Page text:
The second stage can be envisaged after the cleaning of the work plane, possibly during an operation by a second operator. This second stage has the steps of uncoiling the fibers coiled at the previous stage in the cartridges 24, this operation being performed cartridge by cartridge. After uncoiling, the joining or connection is done fiber by fiber by means of bonding, soldering, mechanical splicing or any other means. The invention accepts any kind of connection. When all the splices have been made, and housed in the racks 28, the fibers are finally coiled again in the cartridge 24 before the next cartridge is taken up. This second stage also corresponds to the various maintenance operations.
The capacity of the cartridges 24 may be, for example. 656 fibers, 10/10 fibers, 12/12 fibers or, again, any other capacity.
Several connection modules, such as those shown in FIGS. 1 and 2, may be superimposed or juxtaposed within one and the same box.
Furthermore, the capacity of a given module may be doubled by providing for a set of cartridges also on the access face 15 side.
In one and the same set, notably if this set is in a central position, the rotation pins of the cartridge can be positioned on at least two faces of said set. Thus it is possible for every second cartridge to pivot, in an interposed fashion, in a certain direction and for the other cartridges to pivot in the opposite direction. This enables the space occupied by the rotation means to be limited and provides simulataneous access to at least two cartridges in maintenance position.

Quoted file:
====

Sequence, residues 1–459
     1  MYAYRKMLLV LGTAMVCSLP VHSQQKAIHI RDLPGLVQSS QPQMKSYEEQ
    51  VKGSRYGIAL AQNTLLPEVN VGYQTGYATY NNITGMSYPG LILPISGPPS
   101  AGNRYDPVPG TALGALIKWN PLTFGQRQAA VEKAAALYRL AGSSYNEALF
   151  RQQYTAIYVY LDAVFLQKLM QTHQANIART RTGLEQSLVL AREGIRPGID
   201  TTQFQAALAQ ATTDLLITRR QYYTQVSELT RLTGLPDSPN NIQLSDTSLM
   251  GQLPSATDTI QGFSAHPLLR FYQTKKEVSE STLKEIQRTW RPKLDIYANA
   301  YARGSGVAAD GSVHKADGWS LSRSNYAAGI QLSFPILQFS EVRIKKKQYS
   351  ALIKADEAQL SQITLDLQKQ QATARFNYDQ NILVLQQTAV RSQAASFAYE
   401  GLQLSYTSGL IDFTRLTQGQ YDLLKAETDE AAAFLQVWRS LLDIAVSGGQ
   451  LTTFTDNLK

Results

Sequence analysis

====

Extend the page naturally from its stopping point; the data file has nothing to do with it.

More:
The layout, shape and capacity of the cartridges and of the joint closure module as well as the number of cartridges and sets of cartridges can be modified without going beyond the scope of the invention.
|Brevet cité||Date de dépôt||Date de publication||Déposant||Titre|
|US4266853 *||12 mars 1979||12 mai 1981||Northern Telecom Limited||Device for organizing optical fibers and the like|
|US4319951 *||29 avr. 1980||16 mars 1982||Gk Technologies, Incorporated||Fiber organizer for splice cases and terminals|
|US4332435 *||14 déc. 1979||1 juin 1982||N.K.F. Groep B.V.||Glass fibre cable junction box|
|US4595255 *||24 août 1983||17 juin 1986||Fiberlan, Inc.||Optical fiber wiring center|
|US4754876 *||23 nov. 1987||5 juil. 1988||Northern Telecom Limited||Storage arrangements for optical fiber connections|
|US4793682 *||11 janv. 1988||27 déc. 1988||Gte Products Corporation||Fiber optic splice and fiber holder and housing therefor|
|US4799757 *||21 avr. 1987||24 janv. 1989||Preformed Line Products Company||Encapsulated fiber optic closure|
|US4805979 *||4 sept. 1987||21 févr. 1989||Minnesota Mining And Manufacturing Company||Fiber optic cable splice closure|
|US4818054 *||30 nov. 1987||4 avr. 1989||Telephone Cables Limited||Distribution frame for optical fibers|
|US4838640 *||19 déc. 1983||13 juin 1989||Gte Products Corporation||Fiber optic in-line splice case assembly|
|US4840449 *||27 janv. 1988||20 juin 1989||American Telephone And Telegraph Company, At&T Bell Laboratories||Optical fiber splice organizer|
|US4854661 *||5 nov. 1987||8 août 1989||Gte Products Corporation||Splice cradle|
|US4900123 *||29 août 1988||13 févr. 1990||Gte Products Corporation||1550 nm fiber distribution panel|